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Sight is vital to our health and well-being.

In fact, people fear vision loss more than losing hearing, memory, speech or even a limb. Vision research is helping every day — producing exciting new insights about eye disease, developing innovations to restore sight, and driving clinical breakthroughs that are helping all of us see the future more clearly.

VRMWG Protect Your Vision Rest - Purple diagram with eye in upper right and text

DED can cause pain, blurriness, and inflammation, can even injure your cornea, and recent studies demonstrate that the damage doesn’t stop there. They reveal that individuals with DED find it harder to perform simple tasks such driving or getting dressed; experience significant pain that interferes with social relationships; and report increased anxiety, depression, and poor overall health. Experts estimate that more than 340 million adults globally and 34 million in the United States live with this condition.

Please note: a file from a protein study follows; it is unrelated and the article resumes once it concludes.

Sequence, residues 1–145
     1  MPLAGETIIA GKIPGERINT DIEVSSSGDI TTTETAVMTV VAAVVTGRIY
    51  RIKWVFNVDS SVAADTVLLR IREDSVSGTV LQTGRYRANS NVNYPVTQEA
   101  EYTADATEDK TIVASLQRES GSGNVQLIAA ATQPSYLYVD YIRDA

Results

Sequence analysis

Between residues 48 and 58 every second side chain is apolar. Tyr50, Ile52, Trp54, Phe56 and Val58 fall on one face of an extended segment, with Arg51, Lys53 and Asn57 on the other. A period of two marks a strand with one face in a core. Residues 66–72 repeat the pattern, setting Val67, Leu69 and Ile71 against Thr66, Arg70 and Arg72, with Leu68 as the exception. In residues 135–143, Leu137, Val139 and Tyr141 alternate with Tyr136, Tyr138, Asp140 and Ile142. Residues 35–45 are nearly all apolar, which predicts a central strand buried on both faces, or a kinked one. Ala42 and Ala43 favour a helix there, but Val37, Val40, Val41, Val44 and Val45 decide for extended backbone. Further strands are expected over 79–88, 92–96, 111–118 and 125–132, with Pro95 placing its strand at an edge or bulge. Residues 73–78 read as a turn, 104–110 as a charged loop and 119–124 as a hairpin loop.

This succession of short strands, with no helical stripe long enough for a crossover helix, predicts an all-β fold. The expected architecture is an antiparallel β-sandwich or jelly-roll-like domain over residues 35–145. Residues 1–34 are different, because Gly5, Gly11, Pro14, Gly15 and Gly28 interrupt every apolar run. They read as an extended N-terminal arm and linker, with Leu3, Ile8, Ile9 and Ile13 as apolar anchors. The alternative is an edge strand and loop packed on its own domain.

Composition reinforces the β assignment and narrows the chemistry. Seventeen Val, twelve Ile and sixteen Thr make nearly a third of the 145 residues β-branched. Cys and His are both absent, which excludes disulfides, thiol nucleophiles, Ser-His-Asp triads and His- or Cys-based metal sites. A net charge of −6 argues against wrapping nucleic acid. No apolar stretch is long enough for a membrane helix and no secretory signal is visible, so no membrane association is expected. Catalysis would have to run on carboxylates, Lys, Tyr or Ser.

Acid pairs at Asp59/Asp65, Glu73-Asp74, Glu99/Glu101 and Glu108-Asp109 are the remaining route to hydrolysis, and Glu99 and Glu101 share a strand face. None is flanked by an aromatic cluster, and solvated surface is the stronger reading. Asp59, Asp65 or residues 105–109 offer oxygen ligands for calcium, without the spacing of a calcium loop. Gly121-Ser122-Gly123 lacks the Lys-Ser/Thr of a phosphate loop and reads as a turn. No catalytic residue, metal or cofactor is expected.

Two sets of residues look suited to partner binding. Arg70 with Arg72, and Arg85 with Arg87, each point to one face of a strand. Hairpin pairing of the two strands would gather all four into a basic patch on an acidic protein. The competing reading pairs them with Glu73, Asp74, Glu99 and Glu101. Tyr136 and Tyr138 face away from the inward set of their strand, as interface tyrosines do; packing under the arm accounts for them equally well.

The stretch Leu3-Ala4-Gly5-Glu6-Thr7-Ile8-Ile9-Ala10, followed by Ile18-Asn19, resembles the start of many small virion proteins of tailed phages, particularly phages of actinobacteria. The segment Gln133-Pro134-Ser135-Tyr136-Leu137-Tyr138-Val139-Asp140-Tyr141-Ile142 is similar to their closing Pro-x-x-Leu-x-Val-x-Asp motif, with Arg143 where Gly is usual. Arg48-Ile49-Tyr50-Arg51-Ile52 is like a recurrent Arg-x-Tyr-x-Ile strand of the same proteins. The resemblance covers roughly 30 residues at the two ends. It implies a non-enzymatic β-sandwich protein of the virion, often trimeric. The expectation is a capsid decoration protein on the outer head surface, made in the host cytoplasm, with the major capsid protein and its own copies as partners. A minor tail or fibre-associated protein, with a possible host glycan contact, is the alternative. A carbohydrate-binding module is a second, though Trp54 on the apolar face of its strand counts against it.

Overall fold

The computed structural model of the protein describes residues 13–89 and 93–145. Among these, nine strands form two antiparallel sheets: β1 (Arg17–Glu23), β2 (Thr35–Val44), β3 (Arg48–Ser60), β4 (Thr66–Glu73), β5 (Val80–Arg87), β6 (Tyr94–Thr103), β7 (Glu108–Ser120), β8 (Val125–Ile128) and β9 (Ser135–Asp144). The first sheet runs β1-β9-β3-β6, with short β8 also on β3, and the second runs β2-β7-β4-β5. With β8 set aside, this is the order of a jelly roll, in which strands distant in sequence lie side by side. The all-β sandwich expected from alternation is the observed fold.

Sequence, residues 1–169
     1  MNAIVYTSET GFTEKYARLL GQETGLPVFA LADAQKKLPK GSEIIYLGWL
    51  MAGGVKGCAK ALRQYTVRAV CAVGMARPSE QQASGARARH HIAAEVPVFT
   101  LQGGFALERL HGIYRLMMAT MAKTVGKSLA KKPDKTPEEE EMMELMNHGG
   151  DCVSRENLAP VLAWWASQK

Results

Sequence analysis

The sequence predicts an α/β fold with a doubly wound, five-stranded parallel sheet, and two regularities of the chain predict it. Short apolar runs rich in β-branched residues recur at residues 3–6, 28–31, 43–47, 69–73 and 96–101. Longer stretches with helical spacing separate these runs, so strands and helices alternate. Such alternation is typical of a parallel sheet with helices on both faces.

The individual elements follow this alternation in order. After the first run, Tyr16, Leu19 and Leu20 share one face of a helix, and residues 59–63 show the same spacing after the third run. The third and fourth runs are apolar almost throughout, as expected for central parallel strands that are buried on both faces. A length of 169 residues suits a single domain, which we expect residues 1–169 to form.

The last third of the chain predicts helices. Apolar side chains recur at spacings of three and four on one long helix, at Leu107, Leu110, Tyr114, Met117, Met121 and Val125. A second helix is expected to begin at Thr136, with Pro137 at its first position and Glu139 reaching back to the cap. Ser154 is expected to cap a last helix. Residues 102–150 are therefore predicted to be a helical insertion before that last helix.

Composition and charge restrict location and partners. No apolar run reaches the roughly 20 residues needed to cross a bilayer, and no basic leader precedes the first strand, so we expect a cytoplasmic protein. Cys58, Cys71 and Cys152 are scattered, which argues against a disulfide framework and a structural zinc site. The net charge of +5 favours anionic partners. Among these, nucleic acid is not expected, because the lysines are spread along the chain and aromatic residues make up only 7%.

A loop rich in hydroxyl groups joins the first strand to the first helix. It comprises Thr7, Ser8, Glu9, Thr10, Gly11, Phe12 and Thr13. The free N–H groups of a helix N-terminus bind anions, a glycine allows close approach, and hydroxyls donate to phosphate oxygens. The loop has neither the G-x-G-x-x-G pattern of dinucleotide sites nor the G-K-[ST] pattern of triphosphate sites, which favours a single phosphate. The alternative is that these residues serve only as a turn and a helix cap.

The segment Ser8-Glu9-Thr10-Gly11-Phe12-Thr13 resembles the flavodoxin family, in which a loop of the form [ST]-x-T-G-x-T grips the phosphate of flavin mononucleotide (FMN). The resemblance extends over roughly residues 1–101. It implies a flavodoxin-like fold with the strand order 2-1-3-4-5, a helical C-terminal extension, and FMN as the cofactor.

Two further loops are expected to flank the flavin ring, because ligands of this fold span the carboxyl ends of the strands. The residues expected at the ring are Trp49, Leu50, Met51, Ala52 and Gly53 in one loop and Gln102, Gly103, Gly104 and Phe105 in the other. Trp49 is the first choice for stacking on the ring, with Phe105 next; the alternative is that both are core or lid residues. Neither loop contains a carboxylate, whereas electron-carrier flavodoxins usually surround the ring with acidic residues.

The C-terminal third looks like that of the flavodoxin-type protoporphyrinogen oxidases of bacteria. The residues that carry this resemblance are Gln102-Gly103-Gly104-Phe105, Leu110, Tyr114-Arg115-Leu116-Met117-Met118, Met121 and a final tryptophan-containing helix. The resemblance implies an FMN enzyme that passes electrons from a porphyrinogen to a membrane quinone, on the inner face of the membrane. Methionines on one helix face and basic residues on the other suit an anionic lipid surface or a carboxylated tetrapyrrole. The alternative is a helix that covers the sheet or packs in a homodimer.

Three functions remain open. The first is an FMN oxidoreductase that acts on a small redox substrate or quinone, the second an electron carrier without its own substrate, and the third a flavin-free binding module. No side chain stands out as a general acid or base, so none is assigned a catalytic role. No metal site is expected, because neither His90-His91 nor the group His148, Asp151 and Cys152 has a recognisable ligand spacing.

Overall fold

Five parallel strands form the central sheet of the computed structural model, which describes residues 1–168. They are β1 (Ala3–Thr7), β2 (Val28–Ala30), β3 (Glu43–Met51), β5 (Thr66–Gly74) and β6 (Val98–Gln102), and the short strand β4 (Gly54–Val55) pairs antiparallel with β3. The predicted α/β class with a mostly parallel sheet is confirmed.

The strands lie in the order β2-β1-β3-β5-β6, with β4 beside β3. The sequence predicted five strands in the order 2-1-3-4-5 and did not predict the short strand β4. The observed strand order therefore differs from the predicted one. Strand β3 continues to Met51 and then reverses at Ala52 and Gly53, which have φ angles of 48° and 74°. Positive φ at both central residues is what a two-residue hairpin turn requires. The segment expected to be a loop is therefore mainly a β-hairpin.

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David A. Antonetti, PhD, is the Roger W. Kittendorf Research Professor of Ophthalmology and Visual Sciences at the University of Michigan Kellogg Eye Center. His research areas include angiogenesis and vascular diseases as well as diabetes and metabolic disorders. More specifically, he investigates the formation and loss of the blood-brain and blood-retinal barriers with the goal of developing new treatments for diabetes-related vision loss.

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“Glaucoma: Clinical Practice and Research to Optimize Patient Outcomes,” March 11, 12:00pm ET

This Congressional Briefing, from AEVR’s Research Saving Sight, Restoring Vision initiative, will feature clinician scientist-educators Mona Kaleem, MD and Elyse Joelle McGlumphy, MD, who will speak about glaucoma and their respective clinical experiences in treating patients, as well as their research efforts to better understand and optimize the patient experience. For more information, download the flyer (PDF).

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As NIH Director Frances Collins put it, “Due to the architecture, accessibility, and the elegance of the eye, vision research has always been a few steps ahead in biomedical research.”

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